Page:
Is there a female character with significant screen time who grows, changes, and/or learns something over the course of the story? (for an ensemble cast, or a film with a male protagonist) [why this matters]
FEMALE AGENCY/POWER/AUTHORITY SCORE:0
[no significant representation of women in authority]
THE MALE GAZE SCORE:0
Is there a female character whose primary goal is to become a mother? [why this matters]
Is there a female character who is primarily defined by her emotional and/or sexual relationship with a man or men? [why this matters]
Is there anything either positive or negative in the film’s representation of women not already accounted for here? (points will vary)
The female coprotagonist is depicted as potentially unreasonable and irrational in a particularly gendered way: she went through a “rough patch” that appears to have included addiction to prescription antidepressants and/or painkillers as a result of a lost pregnancy. A woman unhinged over matters of motherhood is not a positive depiction. This isn’t to suggest that some women don’t suffer over such loses. The problem is how it’s treated here. Much of the film’s suspense is derived from wondering whether she’s “crazy” because she had a miscarriage, as if whatever grief she’s experiencing renders her incapable of interacting with and adequately judging the rest of the world or interpreting her own experiences with others.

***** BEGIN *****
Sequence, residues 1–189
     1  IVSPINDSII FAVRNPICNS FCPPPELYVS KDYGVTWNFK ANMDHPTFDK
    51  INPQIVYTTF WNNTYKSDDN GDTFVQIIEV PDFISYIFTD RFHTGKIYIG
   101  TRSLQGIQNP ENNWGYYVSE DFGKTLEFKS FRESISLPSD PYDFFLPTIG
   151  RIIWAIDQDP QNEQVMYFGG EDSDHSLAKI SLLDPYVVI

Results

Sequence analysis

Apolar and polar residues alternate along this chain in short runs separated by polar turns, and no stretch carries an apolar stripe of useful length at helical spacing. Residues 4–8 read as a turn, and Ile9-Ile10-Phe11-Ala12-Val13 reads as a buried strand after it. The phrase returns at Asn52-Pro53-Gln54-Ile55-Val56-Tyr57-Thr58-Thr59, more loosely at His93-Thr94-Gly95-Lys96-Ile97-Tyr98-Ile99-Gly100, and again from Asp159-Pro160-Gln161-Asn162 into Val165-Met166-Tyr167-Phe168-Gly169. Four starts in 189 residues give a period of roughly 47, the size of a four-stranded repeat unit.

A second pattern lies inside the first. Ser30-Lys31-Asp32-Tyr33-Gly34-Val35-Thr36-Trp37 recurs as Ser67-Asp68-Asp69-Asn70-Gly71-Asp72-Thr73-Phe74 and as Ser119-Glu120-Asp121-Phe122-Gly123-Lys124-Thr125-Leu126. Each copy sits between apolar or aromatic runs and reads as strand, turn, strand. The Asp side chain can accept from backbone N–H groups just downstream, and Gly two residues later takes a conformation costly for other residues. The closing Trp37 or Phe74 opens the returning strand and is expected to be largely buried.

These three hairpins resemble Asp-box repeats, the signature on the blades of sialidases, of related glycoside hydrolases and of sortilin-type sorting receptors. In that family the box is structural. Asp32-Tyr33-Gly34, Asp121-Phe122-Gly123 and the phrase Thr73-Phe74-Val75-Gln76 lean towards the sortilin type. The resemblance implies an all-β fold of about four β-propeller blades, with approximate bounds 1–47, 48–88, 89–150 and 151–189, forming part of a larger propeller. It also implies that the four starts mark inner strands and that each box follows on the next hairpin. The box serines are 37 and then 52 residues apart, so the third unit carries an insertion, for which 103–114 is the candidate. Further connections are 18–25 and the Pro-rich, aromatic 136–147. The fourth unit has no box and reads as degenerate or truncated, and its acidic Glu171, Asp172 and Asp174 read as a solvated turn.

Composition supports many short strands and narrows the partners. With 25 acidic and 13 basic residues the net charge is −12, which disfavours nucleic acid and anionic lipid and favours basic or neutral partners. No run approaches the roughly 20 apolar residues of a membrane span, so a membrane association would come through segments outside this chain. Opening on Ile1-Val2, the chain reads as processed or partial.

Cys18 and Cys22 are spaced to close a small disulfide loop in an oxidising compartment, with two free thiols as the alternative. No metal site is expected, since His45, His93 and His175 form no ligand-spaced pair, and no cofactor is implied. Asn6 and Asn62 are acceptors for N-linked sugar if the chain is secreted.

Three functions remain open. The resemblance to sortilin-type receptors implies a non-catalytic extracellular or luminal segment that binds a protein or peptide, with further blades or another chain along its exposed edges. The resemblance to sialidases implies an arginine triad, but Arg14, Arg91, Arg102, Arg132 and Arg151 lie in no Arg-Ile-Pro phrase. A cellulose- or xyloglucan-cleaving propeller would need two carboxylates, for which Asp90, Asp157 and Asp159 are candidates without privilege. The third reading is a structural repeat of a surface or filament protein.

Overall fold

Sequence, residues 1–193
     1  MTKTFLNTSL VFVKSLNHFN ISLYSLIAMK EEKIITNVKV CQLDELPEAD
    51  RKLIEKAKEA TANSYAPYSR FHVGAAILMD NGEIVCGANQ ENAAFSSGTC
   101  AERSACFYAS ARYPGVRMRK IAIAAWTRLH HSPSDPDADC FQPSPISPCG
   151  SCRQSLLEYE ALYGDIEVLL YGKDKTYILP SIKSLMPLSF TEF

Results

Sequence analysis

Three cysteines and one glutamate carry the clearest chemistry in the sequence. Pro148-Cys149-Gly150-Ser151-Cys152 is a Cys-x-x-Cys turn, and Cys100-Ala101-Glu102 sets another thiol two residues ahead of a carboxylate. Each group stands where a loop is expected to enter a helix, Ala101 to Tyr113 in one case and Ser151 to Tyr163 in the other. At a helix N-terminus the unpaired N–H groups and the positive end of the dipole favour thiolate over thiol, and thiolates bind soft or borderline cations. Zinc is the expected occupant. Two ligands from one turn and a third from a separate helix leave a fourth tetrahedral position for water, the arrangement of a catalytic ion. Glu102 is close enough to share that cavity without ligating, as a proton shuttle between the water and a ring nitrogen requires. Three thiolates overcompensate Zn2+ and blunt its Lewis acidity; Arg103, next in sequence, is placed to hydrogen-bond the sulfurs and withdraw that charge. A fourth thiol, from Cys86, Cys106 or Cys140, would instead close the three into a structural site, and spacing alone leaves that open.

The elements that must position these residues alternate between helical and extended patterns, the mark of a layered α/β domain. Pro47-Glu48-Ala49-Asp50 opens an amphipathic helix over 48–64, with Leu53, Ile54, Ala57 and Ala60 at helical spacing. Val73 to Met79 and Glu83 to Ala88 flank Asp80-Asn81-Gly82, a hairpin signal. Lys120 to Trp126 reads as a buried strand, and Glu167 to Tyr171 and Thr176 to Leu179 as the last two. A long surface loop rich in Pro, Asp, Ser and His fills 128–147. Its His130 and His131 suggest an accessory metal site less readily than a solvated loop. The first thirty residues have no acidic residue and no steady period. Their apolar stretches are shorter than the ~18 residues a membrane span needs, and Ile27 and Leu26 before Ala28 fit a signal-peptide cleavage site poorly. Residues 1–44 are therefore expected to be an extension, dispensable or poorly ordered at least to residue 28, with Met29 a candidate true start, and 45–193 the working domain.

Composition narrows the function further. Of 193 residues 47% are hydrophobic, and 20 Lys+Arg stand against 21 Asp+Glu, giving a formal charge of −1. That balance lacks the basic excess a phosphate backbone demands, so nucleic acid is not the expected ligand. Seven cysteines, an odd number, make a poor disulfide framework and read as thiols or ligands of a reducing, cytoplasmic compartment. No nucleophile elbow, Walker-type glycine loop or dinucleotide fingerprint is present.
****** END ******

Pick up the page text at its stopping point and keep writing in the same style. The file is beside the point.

The film’s ultimate “shock” derives from an unanswered question about whether the female coprotagonist has been violated in a way that has nothing to do with her (she remains, preposterously, unaware that there is a question about this) and everything to do with her condition as the property of the male coprotagonist. The presumption is that he may have been damaged as a man by something that may or may not have been done to her.
IS THE FILM’S DIRECTOR FEMALE? No (does not impact scoring)
IS THE FILM’S SCREENWRITER FEMALE? No (does not impact scoring)
BOTTOM LINE: This is little more than a fairly standard woman-in-peril thriller… except it’s actually worse, because while those sorts of movies usually at least give the woman a bit of agency when it comes to defending herself, this one posits a far more insidious “twist”… one that makes her pain nothing to do with her and everything to do with how it impacts her husband.
NOTE: This is not a “review” of The Gift! It is simply an examination of how well or how poorly it represents women. (A movie that represents women well can still be a terrible film; a movie that represents women poorly can still be a great film.) Read my review of The Gift.